Capital gains tax (CGT) and stamp duty land tax (SDLT)

Capital Gains Tax (CGT) on a home applies when it is sold or disposed of unless the following apply:

  • It has been your main home (Principal Private Residence) for all of the time you’ve owned it

  • Part of the home has not been rented out or used for business purposes

  • The grounds, including all buildings, is less than 5,000 square metres

If the above applies, then Principal Private Residence Relief ensures there is no CGT to pay.  

Stamp Duty Land Tax (SDLT) is payable when a property sold is worth £125,000, unless it is your first home, then SDLT is not payable unless the property is sold for £300,000 or more. If you plan to you swap anything of economic value for a property, e.g. shares, or another property, then you are still liable.

Tax planning and negotiation with the tax authorities

Many property owners may actually have to pay more tax on their property portfolios; however, since the budget changes only apply to individual owners and not to limited companies, many landlords have been considering changing their portfolios into limited companies in order to mitigate against some of the negative elements. However, the following elements need to be considered before the initial switch in ownership structure:

  • You must pay the CGT on the profits that have been made

  • You have to pay SDLT as this is a transfer of ownership

  • You have to refinance the property as you cannot opt to transfer the mortgage without consent from the lender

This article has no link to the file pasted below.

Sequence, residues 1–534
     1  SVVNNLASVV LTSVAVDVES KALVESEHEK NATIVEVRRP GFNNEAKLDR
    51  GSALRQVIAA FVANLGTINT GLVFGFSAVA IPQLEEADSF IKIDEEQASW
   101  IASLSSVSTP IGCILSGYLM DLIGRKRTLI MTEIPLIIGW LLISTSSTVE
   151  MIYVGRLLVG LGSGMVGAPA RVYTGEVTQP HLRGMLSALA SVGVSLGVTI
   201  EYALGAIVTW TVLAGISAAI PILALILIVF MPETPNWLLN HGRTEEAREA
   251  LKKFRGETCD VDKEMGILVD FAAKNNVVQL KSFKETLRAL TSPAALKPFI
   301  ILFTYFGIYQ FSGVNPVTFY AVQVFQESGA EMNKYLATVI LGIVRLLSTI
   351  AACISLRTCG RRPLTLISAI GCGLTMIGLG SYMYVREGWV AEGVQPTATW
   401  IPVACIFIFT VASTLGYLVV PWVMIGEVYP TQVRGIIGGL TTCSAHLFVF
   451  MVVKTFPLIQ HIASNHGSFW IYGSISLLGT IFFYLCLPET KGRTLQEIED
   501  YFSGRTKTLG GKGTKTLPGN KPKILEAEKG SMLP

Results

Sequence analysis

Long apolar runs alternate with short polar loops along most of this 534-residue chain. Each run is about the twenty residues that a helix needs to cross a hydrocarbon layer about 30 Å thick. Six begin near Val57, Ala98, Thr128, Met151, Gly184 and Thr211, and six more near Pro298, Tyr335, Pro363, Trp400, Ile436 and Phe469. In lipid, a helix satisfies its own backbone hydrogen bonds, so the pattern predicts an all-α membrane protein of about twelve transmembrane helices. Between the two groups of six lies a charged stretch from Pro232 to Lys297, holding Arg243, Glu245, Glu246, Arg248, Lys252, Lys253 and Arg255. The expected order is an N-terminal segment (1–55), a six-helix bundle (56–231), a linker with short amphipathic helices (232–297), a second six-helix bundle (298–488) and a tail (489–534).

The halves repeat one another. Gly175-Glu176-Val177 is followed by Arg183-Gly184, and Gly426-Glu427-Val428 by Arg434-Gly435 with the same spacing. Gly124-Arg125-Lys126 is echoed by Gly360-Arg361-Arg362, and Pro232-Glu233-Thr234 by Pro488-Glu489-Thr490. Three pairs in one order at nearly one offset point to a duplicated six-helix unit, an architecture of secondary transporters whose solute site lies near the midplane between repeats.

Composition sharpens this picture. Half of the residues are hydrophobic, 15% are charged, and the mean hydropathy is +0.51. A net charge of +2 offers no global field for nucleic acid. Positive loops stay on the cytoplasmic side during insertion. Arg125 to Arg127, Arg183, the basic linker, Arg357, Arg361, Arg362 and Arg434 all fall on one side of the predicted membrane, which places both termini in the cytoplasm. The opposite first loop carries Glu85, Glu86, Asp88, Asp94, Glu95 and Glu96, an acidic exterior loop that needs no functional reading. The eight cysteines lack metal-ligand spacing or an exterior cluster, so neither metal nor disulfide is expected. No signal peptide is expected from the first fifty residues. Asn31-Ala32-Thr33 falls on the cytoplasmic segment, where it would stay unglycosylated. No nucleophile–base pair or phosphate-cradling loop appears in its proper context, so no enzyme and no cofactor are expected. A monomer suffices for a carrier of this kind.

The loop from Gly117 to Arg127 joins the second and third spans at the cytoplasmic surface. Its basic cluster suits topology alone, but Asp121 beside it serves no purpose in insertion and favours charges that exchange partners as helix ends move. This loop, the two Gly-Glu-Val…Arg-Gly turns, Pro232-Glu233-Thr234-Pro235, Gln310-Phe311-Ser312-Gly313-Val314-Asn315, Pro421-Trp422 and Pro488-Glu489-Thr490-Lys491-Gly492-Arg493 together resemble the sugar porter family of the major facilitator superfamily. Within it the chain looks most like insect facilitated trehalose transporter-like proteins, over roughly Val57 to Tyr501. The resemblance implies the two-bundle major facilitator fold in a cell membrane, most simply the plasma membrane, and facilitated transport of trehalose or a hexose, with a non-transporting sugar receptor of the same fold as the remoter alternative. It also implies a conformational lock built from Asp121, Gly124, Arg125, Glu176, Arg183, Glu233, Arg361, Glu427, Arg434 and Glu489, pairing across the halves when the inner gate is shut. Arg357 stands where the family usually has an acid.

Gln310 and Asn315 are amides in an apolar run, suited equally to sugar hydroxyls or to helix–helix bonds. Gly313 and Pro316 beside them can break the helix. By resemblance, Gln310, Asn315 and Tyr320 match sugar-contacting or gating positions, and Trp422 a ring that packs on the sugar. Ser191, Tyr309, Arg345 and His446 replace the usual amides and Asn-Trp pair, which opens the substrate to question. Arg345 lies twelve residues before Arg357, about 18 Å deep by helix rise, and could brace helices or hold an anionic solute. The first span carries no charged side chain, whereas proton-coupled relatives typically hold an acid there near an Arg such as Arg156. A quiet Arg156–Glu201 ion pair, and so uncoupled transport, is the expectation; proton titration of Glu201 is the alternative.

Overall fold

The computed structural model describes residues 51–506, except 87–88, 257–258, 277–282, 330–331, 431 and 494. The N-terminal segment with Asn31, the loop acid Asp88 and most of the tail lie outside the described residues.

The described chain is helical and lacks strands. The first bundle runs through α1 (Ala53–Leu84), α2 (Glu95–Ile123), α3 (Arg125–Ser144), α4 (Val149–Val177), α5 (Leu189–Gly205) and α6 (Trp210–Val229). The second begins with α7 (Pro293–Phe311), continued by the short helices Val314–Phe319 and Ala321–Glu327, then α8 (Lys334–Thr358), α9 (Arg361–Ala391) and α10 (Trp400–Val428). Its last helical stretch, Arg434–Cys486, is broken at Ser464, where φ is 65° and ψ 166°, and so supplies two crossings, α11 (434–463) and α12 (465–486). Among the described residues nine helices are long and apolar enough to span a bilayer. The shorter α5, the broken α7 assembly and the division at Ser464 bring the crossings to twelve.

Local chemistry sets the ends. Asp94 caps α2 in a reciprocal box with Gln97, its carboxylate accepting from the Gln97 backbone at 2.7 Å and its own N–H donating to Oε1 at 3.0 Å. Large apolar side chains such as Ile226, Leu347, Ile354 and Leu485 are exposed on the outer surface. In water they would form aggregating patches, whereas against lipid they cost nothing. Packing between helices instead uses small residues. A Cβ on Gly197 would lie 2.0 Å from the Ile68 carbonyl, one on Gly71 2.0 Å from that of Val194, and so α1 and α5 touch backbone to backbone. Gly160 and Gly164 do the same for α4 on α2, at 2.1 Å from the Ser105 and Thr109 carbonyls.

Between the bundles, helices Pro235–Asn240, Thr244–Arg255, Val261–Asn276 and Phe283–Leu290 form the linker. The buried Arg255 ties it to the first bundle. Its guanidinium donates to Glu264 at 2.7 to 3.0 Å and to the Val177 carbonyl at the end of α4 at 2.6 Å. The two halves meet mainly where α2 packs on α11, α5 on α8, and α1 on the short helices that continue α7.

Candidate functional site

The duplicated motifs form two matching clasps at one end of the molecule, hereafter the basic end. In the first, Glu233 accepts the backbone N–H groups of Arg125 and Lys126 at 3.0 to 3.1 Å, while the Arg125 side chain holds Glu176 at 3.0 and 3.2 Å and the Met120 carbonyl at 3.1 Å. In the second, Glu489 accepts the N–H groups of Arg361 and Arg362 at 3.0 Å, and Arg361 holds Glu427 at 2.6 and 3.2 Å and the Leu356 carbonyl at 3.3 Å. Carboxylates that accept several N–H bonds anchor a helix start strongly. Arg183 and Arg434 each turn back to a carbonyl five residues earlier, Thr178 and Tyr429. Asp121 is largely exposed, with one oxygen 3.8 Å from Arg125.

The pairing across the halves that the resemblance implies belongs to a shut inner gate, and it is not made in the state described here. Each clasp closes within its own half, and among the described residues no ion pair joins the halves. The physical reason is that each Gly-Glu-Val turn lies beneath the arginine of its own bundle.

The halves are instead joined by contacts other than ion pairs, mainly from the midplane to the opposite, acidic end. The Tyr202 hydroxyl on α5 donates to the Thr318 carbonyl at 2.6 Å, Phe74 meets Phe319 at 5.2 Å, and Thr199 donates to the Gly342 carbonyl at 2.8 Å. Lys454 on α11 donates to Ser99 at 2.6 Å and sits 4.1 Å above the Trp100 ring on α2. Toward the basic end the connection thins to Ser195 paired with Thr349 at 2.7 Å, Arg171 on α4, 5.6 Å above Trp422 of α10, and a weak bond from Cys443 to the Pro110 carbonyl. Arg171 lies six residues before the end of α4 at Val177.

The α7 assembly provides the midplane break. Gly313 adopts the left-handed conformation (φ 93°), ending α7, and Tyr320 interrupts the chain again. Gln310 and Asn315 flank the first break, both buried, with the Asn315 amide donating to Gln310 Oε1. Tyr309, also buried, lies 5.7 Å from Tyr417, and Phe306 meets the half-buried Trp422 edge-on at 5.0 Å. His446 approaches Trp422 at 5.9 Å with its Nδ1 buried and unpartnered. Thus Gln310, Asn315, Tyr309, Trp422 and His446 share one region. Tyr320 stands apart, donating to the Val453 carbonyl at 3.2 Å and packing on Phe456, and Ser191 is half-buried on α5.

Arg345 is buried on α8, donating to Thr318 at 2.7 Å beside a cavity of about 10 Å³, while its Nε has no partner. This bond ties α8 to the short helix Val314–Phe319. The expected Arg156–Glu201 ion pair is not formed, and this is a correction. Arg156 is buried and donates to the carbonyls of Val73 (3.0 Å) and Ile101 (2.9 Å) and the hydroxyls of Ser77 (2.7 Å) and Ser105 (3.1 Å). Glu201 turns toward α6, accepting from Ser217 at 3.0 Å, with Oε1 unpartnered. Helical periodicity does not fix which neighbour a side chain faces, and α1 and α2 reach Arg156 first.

Budget changes and the implications on property

Keep in mind that you will be accountable for CGT on the profit made while moving the property into a limited company, irrespective of the price that was paid by the company. Even if the property was given to the company for £0, you will still be held to have moved the property within its market value.

As for SDLT, if there is no ‘chargeable consideration’ when giving away property or transferring ownership, you don’t need to pay SDLT or file a return.

Differences and similarities between limited companies and LLPs

Both limited companies and LLPs tend to have numerous similarities, one of the main ones being financial responsibility of the owners. There are however differences as well, such as:

  • The flexibility of an internal structure along with rights for the members

  • Opportunities for capital investment

  • Proper allocation of business profits and taxation

  • More flexibility in amending the partnership structure

Benefits of limited companies or LLPs

When changing the ownership of a property, the following points need to be factored in:

  • A company that is limited by guarantee is perhaps the best option for organisations that are non-profit. This structure is also worthwhile if you intend to employ many people or if you want to have the option open of selling your shares in order to get back capital investment

  • LLPs provide similar benefits as conventional partnerships, along with the advantage of the limited liabilities and financial responsibilities for the individual partners. An LLP structure can be a great choice especially for businesses that have a very limited number of employees or partners; especially in cases where each of the partners make a similar amount of contributions towards the business and enjoy an equal amount of responsibilities and rights

  • Tax efficiency allows you to keep the company’s money within the business. In cases where you will be making a greater annual profit than expected from your business, a limited company is more tax efficient option as you can leave a portion of the profits in the business and postpone tax by taking out the surplus in another tax year in the future.

Transferring a property into an LLP or a limited company or an LLP can be a complex process, depending on an individual’s circumstances. Speaking to a tax professional will help in working out the structure that works best for you.

Nick Bagga